Division of Property in Your Divorce
Whether your case is resolved by a settlement agreement or following a final trial on the merits, you must have a clear understanding of the assets and liabilities that comprise the marital estate and the corresponding value and character. You should also be aware of any possible tax effects associated with dividing certain assets, any impediments to awarding certain assets to one spouse or the other, and any possible claims that may be applicable to the facts of your case. Without this important information, it would be very difficult for the Court to evaluate the merits of a proposed property division at trial. Whether a particular division of property will be deemed "just and right" by the Court depends on a variety of factors.
Characterization of Property - Community vs. Separate
As Texas Courts are only allowed to divide the parties' community property in a divorce proceeding, the characterization process is a critical first step in the property division. Characterization of property is the process of identifying the property owned by the spouses as separate property or community property. The character of property is determined by operation of law according to the time and circumstances of acquisition.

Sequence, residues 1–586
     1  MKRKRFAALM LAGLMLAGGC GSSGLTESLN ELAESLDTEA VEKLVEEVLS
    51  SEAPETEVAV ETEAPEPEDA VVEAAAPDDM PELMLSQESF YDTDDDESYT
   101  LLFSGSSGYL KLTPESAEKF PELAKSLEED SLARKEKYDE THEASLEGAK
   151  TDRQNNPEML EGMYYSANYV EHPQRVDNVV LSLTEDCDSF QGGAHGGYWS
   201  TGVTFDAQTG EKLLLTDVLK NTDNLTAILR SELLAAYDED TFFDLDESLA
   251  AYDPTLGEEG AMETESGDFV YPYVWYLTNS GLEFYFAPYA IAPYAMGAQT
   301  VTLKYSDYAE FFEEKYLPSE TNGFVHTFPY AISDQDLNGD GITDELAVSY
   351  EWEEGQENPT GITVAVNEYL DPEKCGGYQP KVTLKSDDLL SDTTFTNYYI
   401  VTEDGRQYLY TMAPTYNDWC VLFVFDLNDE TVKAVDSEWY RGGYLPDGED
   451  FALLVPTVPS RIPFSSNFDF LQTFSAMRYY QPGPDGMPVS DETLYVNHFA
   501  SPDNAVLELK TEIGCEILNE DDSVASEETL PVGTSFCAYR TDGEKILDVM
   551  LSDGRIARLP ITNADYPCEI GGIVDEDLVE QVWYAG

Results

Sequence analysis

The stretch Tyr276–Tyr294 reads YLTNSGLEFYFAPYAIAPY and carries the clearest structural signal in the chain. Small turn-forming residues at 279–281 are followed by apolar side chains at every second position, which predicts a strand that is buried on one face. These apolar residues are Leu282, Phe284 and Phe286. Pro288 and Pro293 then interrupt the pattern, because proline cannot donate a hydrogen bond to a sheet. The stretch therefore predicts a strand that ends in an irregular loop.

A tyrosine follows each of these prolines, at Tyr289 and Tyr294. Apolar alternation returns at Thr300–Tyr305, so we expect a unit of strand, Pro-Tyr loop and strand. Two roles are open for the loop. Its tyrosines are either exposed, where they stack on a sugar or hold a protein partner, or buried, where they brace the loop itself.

Courts Encourage a Just and Right Property Division
An Inventory will serve as the road map toward the final property division, and if it is lacking in detail or accuracy, achieving a just and right division of property will be very difficult. You should be prepared to play an active part in preparing such an Inventory, if necessary.
Our firm has served the Dallas area for over 40 years, and attorney Jerry W. Melton is Board Certified in Family Law by the Texas Board of Legal Specialization. We have the resources to answer all of your questions concerning division of property in a divorce and the qualifications to present a strong case for you. Please fill out our form online or call 972-980-8000 today to schedule a free consultation with a family law attorney.